Kenya's Ruto dismisses almost entire cabinet after deadly protests


Kenyan President William Ruto announced on Thursday the dismissal of almost his entire cabinet and consultations to form a "broad-based government" following widespread anti-government protests.

The East African nation was left reeling after peaceful rallies last month over steep tax increases flared into deadly violence with Police firing at crowds who stormed parliament, leaving it partly ablaze.

Led largely by young, Gen-Z Kenyans, the protests plunged Ruto's administration into the most serious crisis of his presidency, forcing him to abandon the tax hikes and scramble to contain the damage.

In the latest move to defuse tensions, Ruto said his decision would extend to all ministers including the attorney-general but excluded prime cabinet secretary and foreign minister Musalia Mudavadi and Deputy President Rigathi Gachagua.

Ruto said he decided on the dismissals "upon reflection, listening keenly to what the people of Kenya have said and after a holistic appraisal of the performance of my cabinet and its achievements and challenges".

Prominent Gen-Z protester Hanifa Adan welcomed the announcement, writing on X: "THE PRESIDENT OF KENYA HAS DISSOLVED THE CABINET!!! THE POWER LIES WITH THE PEOPLE ALWAYS!!!!!"

The largely peaceful rallies have widened into a broader campaign against Ruto and his government, with some demonstrations degenerating into violence that has left dozens dead.

Last week, the Kenyan leader announced sharp cuts to government spending in response to growing anger over his cabinet's travel and renovation budgets while ordinary citizens struggle to cope with a cost of living crisis.

The government will also have to increase its borrowing to pay for some services even as it grapples with massive foreign debt amounting to 70 percent of GDP.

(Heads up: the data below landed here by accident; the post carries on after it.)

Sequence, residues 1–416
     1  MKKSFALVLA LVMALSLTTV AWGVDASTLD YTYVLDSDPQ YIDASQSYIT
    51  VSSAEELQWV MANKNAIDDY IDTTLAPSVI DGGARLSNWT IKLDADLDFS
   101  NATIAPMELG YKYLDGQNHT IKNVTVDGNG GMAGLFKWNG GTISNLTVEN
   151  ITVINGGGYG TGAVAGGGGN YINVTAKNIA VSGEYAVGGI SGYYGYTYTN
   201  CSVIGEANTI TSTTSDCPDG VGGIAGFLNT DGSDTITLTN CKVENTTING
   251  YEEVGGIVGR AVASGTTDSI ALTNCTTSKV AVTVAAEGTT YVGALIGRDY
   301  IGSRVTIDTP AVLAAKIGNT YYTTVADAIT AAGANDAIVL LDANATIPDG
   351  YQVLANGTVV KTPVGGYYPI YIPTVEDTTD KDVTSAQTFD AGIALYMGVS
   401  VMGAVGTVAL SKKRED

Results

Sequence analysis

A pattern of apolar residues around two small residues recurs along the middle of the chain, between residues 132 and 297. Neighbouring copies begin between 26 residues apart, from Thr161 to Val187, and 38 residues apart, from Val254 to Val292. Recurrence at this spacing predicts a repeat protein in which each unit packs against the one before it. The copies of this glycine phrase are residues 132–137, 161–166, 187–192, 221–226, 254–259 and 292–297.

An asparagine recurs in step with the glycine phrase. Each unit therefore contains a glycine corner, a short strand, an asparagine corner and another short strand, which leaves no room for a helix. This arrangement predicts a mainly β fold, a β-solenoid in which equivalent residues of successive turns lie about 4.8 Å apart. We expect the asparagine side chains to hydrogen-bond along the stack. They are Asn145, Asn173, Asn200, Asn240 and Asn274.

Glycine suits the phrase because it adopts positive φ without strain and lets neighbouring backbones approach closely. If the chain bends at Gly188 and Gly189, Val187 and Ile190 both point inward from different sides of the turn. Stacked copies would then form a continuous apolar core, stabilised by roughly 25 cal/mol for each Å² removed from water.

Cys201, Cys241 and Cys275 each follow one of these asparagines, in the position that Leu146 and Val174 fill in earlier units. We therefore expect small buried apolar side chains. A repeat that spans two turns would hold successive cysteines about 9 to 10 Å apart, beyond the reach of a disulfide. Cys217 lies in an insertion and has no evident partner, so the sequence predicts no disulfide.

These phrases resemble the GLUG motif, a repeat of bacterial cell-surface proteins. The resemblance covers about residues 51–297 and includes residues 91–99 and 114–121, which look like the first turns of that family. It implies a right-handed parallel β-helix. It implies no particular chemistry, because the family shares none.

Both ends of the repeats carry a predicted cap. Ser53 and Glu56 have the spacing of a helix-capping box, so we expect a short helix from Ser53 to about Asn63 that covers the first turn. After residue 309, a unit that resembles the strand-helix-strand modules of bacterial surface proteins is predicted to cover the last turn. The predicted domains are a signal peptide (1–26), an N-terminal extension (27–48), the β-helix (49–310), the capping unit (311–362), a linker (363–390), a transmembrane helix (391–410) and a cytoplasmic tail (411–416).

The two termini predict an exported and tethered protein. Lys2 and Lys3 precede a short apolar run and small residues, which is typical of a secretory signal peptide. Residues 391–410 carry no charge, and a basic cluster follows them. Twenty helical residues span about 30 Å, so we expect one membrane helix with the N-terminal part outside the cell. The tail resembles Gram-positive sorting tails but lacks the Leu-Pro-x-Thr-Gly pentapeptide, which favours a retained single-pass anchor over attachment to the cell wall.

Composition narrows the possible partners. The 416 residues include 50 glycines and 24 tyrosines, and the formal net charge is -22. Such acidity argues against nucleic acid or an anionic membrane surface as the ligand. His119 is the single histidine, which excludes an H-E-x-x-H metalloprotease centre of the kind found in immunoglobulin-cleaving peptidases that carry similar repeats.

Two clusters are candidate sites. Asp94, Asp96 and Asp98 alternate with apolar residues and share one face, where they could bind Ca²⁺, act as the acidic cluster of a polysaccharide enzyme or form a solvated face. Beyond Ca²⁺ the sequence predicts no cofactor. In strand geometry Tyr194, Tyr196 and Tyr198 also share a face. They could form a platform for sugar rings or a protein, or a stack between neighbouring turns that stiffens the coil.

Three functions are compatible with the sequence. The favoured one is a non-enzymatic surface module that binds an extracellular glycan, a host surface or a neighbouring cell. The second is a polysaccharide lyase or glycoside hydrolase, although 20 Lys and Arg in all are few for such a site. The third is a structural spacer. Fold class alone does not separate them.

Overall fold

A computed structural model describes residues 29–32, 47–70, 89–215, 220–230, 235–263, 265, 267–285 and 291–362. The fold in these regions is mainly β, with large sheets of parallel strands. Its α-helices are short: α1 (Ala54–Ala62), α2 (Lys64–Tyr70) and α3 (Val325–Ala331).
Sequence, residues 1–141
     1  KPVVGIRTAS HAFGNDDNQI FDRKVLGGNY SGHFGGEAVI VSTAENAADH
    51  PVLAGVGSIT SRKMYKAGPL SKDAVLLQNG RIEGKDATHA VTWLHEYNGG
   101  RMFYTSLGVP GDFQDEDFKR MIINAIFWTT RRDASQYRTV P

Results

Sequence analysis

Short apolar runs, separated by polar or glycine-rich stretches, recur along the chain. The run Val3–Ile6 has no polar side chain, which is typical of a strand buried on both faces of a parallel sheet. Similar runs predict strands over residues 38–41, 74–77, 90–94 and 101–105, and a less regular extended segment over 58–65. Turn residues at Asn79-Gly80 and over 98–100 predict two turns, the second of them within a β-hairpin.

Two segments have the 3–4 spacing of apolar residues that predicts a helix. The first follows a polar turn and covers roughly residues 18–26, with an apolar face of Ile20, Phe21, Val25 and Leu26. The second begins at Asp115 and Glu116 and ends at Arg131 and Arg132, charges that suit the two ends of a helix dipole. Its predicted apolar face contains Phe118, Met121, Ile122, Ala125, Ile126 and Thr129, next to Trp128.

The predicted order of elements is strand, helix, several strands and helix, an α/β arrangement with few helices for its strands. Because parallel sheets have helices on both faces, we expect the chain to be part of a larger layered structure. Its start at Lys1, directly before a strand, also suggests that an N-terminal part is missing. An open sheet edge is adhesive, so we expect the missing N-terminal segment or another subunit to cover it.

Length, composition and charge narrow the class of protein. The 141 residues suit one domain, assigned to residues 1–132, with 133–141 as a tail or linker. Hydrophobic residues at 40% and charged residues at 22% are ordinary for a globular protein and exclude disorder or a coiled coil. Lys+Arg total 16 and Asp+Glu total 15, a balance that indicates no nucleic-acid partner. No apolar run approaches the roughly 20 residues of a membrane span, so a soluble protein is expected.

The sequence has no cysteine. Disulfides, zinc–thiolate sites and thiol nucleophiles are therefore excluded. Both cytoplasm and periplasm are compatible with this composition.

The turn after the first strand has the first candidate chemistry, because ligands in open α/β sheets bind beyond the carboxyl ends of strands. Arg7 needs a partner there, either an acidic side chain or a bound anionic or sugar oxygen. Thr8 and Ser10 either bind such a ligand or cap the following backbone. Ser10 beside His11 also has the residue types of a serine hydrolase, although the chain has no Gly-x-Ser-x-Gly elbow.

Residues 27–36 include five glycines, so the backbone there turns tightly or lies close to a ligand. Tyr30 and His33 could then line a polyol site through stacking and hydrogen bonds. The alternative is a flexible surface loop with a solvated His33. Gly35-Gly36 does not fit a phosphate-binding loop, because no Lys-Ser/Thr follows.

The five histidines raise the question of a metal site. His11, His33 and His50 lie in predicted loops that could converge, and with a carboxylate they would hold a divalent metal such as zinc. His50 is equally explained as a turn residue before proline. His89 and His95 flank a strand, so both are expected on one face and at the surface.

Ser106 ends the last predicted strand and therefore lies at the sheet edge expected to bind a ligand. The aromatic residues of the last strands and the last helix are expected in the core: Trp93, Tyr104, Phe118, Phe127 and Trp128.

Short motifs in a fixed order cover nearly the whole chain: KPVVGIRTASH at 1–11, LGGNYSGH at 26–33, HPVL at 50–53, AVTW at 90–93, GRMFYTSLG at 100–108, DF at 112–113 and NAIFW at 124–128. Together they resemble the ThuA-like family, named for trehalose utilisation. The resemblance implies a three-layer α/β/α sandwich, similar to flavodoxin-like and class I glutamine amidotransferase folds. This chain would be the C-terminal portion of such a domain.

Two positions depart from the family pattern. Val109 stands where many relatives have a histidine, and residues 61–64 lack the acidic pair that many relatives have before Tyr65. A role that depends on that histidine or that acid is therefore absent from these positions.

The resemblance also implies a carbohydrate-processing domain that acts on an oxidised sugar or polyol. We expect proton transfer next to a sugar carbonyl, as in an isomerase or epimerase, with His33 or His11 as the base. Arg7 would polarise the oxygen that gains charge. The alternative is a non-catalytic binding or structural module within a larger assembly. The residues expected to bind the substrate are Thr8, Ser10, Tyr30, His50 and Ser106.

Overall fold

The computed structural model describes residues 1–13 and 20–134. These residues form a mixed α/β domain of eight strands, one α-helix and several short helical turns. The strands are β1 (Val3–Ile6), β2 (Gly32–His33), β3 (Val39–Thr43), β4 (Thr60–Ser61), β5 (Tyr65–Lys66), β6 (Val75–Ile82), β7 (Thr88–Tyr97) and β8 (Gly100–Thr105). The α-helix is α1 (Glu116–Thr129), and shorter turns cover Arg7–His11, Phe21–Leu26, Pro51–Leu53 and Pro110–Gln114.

The crisis led US-based Moody's to downgrade Kenya's debt rating further into junk territory, warning of a negative outlook, which will make borrowing even more expensive for the cash-strapped government.

The ratings agency said it was cutting the ratings for Kenyan government debt to Caa1 -- considered to have "very high credit risk" -- with the move reflecting Ruto's "significantly diminished capacity" to raise taxes and reduce debt.

- 'Radical programmes' -

The businessman-turned-politician, who won elections in 2022 on the promise to lift the fortunes of the common man, was caught off guard by the depth of public anger over the proposed tax hikes, which followed an earlier round of increases last year.

Ruto also said Thursday that he will "immediately engage in extensive consultations across different sectors and political formations, with the aim of setting up a broad-based government".

This government would, he said, help him to develop "radical programmes" to deal with the country's huge debt burden, increase job opportunities, eliminate government waste and "slay the dragon of corruption".

In addition to scrapping the annual finance bill which included the tax hikes, Ruto has also sought to engage with some of the protesters, hosting an event on X with young Kenyans last week.

But this has failed to appease some demonstrators, who have continued to call for him to step down, using the hashtag #RutoMustGo and staging smaller rallies across Kenyan cities.

Public debt amounts to some 10 trillion shillings ($78 billion), around 70 percent of Kenya's GDP.

The government's decision to borrow more will result in the fiscal deficit rising from 3.3 percent to 4.6 percent, according to Ruto.



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